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How to change 'skinny-fat' look without heavy lifting?

Commented on January 21, 2014
Created October 22, 2013 at 12:48 PM

Is there any other way to change body composition? have any of you achieved this?

Thank you!

UPDATE: I'm so sorry if I didn't make this clear. What I meant is:

It's not that training is out of the answer. It's that I'm just wondering if there is any way of changing body composition without lifting HEAVY weights. I always hear people using heavy weights to change body composition. What about lighter? Or body weight? Could you use your body weight instead or 10 lb dumbells at most and still get good results in change of body composition? Have any of you done this? What results came out of it? How did you do it?

Medium avatar

on January 21, 2014
at 06:49 AM

Any change in body composition doesn't happen overnight. It takes weeks and weeks of dedication to get results, especially from "heavy weights." Did you know that lifting heavy weights burns more fat than running? Also, lifting heavy weights will get you slimmer than running or another type of cardio. You will not just get big by lifting big, you need to feed / fuel your system in order to gain size. Give it a shot, I bet you will love being able to live heavier and heavier things!

Medium avatar

on January 21, 2014
at 06:47 AM

Do you consider strength training the same as weight training? You can drastically change your body composition with body weight excercises such as walking lunges, squats, planks, push ups, etc.

Cf08ad26759fdd206a2c9f9385080a57

(995)

on October 23, 2013
at 09:13 PM

If you can do 6 sets of 40 reps with your 10lb weights, then I agree they're not enough. (though adding just 2-3lbs could tip the scale.) Bodyweight is where I like to exercise (though, if you're unable to do the sets with your weight, you'll need to lift less.) 10-20 reps in the 5-6 set range should do it, then just adjust how much you're lifting to kick the effort level up. It really depends on your current strength level. (Ideally, you should be keeping track of how much you're lifting, how long it takes you to do the exercises, and the measurements of your muscles.)

Medium avatar

(0)

on October 23, 2013
at 09:09 PM

What about just bodyweight? It seems like dumbells won't be as affective, or maybe I'm not reading it right. If I were to use my bodyweight how would I go about it? Would it help with both strength and body composition? Would I constantly go to failure? How many sets/reps?

Cf08ad26759fdd206a2c9f9385080a57

(995)

on October 23, 2013
at 08:35 PM

“If you use a weight that is too light you will recruit the slow-twitch fibers into service, but because they fatigue so slowly, by the time you have started to recruit the intermediate fibers, some of the same slow-twitch motor units will have started to recover. They will then recycle back into the contraction process, thus preventing you from ever engaging the higher-order muscle fibers.” Depending on your strength, 10lbs might not cut it, or it might be perfect.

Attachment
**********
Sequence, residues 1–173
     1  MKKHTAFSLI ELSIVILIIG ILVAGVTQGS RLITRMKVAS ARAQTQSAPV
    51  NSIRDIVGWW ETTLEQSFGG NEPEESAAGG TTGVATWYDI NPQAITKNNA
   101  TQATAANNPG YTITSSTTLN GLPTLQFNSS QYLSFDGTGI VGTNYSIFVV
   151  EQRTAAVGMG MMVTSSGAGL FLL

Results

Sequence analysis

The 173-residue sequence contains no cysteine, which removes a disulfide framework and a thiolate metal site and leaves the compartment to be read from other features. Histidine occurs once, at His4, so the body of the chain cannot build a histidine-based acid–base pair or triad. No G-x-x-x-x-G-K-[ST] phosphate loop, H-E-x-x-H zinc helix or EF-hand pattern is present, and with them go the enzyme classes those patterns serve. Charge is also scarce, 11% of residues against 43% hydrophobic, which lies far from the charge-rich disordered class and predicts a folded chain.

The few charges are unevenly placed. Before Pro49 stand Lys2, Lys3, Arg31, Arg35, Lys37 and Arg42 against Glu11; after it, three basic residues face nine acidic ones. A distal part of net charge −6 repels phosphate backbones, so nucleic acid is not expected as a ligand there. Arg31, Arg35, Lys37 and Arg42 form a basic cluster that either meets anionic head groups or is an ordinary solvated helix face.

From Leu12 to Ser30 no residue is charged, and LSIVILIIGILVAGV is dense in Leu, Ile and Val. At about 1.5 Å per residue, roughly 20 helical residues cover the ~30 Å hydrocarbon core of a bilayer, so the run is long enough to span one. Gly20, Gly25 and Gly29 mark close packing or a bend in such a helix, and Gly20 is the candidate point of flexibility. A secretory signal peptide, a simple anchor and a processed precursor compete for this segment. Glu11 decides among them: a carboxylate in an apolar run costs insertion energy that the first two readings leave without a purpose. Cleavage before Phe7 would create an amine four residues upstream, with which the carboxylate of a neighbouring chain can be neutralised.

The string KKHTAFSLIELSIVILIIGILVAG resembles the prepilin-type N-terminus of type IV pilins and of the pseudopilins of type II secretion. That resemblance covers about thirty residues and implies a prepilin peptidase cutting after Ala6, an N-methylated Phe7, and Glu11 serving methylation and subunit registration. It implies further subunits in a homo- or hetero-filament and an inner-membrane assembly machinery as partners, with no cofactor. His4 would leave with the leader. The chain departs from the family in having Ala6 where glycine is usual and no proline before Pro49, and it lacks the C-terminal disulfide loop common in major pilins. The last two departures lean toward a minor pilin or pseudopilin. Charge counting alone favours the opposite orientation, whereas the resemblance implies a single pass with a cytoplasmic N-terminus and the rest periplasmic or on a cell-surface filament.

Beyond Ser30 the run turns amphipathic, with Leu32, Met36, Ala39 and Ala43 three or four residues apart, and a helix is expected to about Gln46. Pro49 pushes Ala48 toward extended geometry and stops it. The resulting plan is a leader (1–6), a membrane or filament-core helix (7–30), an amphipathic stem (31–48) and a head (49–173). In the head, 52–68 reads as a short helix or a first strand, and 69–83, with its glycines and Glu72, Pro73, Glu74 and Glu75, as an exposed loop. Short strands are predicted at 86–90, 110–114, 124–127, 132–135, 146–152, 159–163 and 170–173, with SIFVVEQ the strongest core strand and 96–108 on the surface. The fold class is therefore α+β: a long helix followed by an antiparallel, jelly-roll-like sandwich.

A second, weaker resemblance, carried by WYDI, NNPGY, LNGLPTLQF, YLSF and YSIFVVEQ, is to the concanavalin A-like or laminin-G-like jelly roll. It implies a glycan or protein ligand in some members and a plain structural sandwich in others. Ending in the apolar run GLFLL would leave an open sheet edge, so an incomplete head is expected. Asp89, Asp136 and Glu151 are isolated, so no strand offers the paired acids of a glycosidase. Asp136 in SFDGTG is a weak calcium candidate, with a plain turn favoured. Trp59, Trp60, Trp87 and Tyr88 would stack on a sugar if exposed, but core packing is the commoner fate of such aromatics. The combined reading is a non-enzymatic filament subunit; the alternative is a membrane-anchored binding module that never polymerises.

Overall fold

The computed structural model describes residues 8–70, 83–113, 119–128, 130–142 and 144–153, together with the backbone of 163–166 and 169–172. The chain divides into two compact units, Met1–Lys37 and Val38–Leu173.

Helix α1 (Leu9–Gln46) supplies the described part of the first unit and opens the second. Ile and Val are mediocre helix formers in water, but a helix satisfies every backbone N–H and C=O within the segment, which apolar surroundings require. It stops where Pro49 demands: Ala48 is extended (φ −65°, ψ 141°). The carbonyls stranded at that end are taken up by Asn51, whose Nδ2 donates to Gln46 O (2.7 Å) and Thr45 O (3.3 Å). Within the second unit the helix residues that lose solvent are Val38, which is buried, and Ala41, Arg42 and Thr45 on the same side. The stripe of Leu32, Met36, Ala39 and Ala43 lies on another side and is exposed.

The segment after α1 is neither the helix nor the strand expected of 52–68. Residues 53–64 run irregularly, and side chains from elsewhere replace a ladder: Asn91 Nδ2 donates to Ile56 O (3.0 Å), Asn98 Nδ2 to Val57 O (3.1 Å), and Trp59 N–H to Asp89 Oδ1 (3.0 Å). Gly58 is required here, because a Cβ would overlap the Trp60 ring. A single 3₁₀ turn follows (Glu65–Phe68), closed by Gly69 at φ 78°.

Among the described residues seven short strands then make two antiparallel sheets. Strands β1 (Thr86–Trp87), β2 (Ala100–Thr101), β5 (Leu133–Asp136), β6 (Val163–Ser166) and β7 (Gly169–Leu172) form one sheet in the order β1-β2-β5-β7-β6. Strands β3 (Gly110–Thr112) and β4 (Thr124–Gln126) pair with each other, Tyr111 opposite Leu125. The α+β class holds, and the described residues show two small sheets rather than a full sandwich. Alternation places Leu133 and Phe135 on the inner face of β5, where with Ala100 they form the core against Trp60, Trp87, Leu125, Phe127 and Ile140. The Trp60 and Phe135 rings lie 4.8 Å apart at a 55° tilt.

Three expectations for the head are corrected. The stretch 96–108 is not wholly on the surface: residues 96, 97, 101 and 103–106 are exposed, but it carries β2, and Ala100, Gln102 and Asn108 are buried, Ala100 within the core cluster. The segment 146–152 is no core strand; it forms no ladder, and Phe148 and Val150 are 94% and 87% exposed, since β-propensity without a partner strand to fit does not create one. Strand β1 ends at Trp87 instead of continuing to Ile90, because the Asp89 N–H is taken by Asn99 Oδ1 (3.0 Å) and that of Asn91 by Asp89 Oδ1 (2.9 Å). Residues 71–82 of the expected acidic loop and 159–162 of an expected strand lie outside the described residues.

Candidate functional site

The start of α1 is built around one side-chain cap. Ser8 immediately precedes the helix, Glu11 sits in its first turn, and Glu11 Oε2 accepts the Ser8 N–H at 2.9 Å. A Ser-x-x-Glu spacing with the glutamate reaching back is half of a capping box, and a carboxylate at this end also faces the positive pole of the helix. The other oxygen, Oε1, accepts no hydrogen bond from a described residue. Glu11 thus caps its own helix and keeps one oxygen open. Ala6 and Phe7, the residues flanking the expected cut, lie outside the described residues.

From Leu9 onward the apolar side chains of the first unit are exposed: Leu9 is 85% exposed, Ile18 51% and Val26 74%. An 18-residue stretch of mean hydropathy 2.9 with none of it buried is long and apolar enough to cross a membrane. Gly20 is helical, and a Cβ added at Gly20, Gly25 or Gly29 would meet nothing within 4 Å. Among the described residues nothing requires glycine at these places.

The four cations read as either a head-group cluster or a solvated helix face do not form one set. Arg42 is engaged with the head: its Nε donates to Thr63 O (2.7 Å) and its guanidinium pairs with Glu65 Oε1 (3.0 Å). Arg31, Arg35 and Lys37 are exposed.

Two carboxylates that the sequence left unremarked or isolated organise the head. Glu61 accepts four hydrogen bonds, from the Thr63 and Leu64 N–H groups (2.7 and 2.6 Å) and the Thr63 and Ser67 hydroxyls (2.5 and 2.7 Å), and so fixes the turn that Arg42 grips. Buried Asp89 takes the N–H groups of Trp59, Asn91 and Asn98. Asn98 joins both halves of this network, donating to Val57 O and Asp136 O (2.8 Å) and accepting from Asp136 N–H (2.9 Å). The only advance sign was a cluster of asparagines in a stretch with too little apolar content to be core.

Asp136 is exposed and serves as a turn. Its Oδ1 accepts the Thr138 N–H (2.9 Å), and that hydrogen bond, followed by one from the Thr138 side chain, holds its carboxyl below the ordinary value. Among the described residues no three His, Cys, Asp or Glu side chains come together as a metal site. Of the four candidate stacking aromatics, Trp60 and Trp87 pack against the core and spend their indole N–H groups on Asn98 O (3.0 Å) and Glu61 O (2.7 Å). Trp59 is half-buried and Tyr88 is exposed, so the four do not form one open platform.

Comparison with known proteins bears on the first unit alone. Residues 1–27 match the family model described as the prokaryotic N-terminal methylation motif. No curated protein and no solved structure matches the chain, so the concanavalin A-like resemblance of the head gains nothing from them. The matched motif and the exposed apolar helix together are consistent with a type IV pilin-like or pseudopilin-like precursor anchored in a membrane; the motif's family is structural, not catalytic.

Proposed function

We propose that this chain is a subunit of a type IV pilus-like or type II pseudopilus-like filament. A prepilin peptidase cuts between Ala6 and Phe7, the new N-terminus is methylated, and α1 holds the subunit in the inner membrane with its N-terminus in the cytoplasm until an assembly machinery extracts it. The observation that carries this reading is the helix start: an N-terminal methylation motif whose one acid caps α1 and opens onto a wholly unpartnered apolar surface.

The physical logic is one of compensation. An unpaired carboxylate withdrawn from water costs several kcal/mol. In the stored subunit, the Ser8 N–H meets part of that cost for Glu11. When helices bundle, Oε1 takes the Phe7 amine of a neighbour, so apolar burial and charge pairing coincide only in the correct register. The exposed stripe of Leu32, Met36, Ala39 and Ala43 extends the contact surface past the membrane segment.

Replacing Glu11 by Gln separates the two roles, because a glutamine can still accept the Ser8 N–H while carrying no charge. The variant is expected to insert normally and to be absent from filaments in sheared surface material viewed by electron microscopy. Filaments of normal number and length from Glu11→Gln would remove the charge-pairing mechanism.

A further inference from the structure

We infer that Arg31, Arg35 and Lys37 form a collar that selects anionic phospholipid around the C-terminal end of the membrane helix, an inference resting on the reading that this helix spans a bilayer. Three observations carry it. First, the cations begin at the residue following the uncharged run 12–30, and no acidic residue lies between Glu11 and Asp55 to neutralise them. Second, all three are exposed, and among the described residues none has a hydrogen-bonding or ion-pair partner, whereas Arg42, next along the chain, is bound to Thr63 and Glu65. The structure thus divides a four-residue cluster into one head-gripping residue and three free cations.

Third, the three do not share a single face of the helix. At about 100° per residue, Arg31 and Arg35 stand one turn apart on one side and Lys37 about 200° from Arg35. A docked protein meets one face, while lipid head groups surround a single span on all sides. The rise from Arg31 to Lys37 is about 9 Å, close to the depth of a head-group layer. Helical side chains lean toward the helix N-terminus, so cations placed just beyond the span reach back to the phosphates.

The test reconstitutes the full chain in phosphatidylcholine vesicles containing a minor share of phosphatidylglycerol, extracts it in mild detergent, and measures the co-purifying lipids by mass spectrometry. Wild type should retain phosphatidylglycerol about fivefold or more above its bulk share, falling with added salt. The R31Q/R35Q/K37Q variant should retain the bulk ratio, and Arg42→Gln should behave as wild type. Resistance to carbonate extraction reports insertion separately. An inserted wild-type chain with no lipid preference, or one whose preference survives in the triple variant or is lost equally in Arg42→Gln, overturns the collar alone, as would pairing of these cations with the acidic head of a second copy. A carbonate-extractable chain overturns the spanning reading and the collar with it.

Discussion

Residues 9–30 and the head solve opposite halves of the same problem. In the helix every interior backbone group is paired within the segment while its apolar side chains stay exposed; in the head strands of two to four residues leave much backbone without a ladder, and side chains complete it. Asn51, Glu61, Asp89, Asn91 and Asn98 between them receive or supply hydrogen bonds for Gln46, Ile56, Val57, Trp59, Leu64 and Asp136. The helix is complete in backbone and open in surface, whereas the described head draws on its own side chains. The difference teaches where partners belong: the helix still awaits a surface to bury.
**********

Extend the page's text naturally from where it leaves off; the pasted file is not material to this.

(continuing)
Cf08ad26759fdd206a2c9f9385080a57

(995)

on October 23, 2013
at 08:31 PM

I’d start here, maybe.

http://i.imgur.com/vJHNL7l.png

“If the weights become light as you progress, add a few pounds from time to time, until it becomes an effort to do the last few repetitions of each set.”

I’d do this 3 times a week, with about 5 sets to failure.

Cf08ad26759fdd206a2c9f9385080a57

(995)

on October 23, 2013
at 08:30 PM

This comment thing is horrible. I'm tempted to just post a reply somewhere else and put the link here.

Cf08ad26759fdd206a2c9f9385080a57

(995)

on October 23, 2013
at 07:50 PM

For what it's worth, I would use heavier weights if there wasn't a risk of a valve blowout, haha. I much prefer that style.

Ebb10603524dd22621c1155dd7ddf106

(19150)

on October 23, 2013
at 07:49 PM

LOL. FWIW, I use both styles in my routines for different reasons.

Cf08ad26759fdd206a2c9f9385080a57

(995)

on October 23, 2013
at 07:48 PM

“If a maximal—or near maximal—effort is applied at the end of a set of repetitions, the evidence strongly suggests that the different external forces produced with different amounts of resistance elicit similar outcomes.”

Cf08ad26759fdd206a2c9f9385080a57

(995)

on October 23, 2013
at 07:32 PM

My bad, I thought your point was:

“Body weight exercises, by definition, cannot be more effort than a similar movement with added weight.”

To which I was saying that No, I disagree, I usually put in equal effort with my body weight to that of heavier weights. “Forget Heavy, Think Effort” as is recommended by guys like Carpinelli.

What are we even talking about, haha.

Cf08ad26759fdd206a2c9f9385080a57

(995)

on October 23, 2013
at 07:32 PM

My bad, I thought your point was:

“Body weight exercises, by definition, cannot be more effort than a similar movement with added weight.”

To which I was saying that No, I disagree, I usually put in equal effort with my body weight to that of a heavier weights. “Forget Heavy, Think Effort” as is recommended by guys like Carpinelli.

What are we even talking about, haha.

Ebb10603524dd22621c1155dd7ddf106